Spoilt Don’t Throw… Repair
In Singapore, a community works to reduce waste by helping people to repair their broken items.
Every last Sunday of the month, people from all walks of life in Singapore come together at a Repair Kopitiam event, bringing with them their malfunctioning toasters, broken fans, and other faulty home appliances, hoping to give these household items a new lease on life. But this event is more than just a simple fix-it session. It is a mission to create a sustainable world. Repair Kopitiam wants to get Singaporeans to reset their behavior by fixing what’s broken instead of just throwing it away so that they can do their part to protect the environment.
Singapore’s population of 5.82 million people generatesgenerates approximately 60,000 tonnes of e-waste annually. That’s equivalent to each person in the country throwing away 70 mobile phones annually.
When electronic waste is disposed of, it usually ends up in a landfill. As the components break down, they release toxic heavy metals like lead, cadmium, and arsenic into the soil and contaminate the groundwater.
REPAIRING FOR SUSTAINABILITY
Repair Kopitiam is an initiative by Sustainable Living Lab that began in 2014. It was founded by Veerappan Swaminathan, a Singapore International Foundation 2019 ASEAN Youth Fellow. They wanted to fight the growing waste problem in Singapore by getting Singaporeans to fix their broken items, such as torn garments, rickety furniture, and electrical items, instead of just throwing them away. Shifting from a linear economy, a buy-use-throw approach, to a circular economy, where a faulty product is repaired instead of thrown away.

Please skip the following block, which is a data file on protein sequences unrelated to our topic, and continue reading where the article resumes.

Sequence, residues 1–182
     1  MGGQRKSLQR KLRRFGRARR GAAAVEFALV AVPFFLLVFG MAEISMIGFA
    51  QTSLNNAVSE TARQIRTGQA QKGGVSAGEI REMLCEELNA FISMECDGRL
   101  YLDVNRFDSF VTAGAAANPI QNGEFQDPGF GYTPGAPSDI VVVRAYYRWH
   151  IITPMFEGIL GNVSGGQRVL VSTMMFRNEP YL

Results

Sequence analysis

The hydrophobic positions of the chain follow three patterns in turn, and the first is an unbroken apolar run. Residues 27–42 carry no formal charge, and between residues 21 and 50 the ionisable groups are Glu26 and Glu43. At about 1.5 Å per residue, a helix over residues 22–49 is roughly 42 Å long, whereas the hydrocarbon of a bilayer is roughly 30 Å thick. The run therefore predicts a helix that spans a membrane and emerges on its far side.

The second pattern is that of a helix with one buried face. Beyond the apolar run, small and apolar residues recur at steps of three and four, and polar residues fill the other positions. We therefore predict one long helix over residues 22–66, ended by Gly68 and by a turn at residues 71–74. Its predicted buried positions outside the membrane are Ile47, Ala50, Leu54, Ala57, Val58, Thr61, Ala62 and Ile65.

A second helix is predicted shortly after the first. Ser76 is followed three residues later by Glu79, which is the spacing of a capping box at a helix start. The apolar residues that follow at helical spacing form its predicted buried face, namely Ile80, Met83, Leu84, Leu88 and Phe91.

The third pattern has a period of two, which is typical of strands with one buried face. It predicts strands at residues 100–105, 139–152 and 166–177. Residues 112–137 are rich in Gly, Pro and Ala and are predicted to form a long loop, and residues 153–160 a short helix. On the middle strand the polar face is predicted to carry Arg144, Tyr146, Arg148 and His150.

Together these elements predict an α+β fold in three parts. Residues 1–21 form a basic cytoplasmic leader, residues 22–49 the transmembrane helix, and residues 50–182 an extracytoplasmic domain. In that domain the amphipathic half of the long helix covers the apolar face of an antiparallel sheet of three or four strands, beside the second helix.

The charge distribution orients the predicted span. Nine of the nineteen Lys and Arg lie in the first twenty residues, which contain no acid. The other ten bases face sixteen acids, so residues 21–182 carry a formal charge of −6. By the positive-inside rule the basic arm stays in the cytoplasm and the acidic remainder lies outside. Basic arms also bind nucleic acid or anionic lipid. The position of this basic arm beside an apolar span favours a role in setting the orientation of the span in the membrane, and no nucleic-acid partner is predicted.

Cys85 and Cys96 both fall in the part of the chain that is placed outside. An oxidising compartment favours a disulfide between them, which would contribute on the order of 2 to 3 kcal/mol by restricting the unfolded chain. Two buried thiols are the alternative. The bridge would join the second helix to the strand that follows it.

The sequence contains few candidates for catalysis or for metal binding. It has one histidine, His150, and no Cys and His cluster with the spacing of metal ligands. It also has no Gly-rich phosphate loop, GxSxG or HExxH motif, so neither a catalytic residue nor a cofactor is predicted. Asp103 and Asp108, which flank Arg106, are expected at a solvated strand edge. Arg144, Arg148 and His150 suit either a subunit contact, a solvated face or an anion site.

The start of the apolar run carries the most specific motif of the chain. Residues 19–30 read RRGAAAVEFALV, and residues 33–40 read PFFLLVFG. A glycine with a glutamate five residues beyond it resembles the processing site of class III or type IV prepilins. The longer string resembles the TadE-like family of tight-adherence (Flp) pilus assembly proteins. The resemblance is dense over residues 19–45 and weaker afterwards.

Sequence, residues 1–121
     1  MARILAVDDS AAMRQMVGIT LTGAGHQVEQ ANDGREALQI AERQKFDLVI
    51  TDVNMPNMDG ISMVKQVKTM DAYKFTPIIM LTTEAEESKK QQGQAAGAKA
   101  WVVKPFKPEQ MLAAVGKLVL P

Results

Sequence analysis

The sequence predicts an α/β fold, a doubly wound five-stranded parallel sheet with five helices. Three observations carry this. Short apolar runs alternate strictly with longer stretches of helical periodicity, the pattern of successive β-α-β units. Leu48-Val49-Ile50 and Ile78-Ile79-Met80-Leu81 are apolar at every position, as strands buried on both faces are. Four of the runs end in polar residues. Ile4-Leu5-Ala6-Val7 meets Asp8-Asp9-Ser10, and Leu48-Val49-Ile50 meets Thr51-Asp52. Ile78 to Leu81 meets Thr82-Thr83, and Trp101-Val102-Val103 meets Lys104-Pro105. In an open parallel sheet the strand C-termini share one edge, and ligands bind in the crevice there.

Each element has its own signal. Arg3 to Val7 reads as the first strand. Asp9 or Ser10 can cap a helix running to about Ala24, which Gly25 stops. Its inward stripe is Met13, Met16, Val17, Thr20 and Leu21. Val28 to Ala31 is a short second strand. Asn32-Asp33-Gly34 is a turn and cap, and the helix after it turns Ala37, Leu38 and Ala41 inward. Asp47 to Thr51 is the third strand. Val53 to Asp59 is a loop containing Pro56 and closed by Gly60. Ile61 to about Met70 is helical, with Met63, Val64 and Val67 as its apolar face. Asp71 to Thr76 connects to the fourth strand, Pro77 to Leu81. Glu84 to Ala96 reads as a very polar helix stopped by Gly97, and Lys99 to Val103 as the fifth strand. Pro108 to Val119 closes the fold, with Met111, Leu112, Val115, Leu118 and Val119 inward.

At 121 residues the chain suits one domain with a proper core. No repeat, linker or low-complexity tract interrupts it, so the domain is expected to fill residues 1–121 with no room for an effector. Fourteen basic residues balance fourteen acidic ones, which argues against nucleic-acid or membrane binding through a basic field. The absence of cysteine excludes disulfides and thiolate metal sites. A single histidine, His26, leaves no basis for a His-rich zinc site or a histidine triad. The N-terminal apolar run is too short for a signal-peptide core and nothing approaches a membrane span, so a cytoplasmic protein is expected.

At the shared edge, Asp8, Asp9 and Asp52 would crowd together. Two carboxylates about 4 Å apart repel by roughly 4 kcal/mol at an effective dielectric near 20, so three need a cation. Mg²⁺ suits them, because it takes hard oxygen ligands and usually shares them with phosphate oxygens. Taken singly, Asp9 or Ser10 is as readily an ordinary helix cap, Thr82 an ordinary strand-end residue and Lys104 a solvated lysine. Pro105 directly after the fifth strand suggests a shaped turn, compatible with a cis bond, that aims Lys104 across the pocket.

For some participants, coming to Repair Kopitiam’s event is a one-off outing to get their stuff fixed. Others get bitten by the repair bug and sign up for a 3-month workshop where they learn to tinker with various things.
“We get those who know how to repair to teach those who need the repair, so that this knowledge is being passed down,” says Danny Lim, the Community Innovation Lead at Repair Kopitiam.
For many volunteers and coaches at Repair Kopitiam, it is simply the joy of reviving a broken appliance that keeps them coming back.
“When I was a kid, I used to open up my uncle’s cassette recorder, dismantle it and fix it back,” recalls Edmund Ho, a Repair Kopitiam coach. “I have very itchy hands. From young until now, every day, I’ve been learning how to repair things.”
Not only does Edmund feel a sense of accomplishment when he has successfully repaired something, but he also can’t help but feel touched by people’s sentiments towards the things he has fixed.
“A lot of the seniors will bring down their own items. And they like the item so much that they say, ‘Edmund, can you please help me to repair that?’ And once I’m able to repair the old appliance, they are so happy. That’s the kind of feeling money cannot buy.”
EXPANDING THE KAMPUNG
For their future endeavors, Repair Kopitiam hopes to build a ‘kampung’ (Malay word for ‘village’) within every public housing estate, where residents can help each other fix things in the spirit of neighborliness.
“There could be a wheelchair bound person who cannot change his own lightbulb, or someone who cannot afford the cost of a repair,” explains Danny. “This neighbour-help-neighbour kind of assistance is actually needed.”
By getting more people engaged in the fix-it movement, Repair Kopitiam hopes to not only serve the community but also help reduce our carbon footprint and environmental impact.
About Repair Kopitiam
Founded in 2014, Repair Kopitiam, a volunteer-driven initiative, sets up a community repair meetup on the last Sunday of each month where members of the public can bring down their faulty items, which Repair Kopitiam’s volunteers will fix free of charge. Their goal is to encourage people to fix things instead of throwing them away, reducing environmental stress.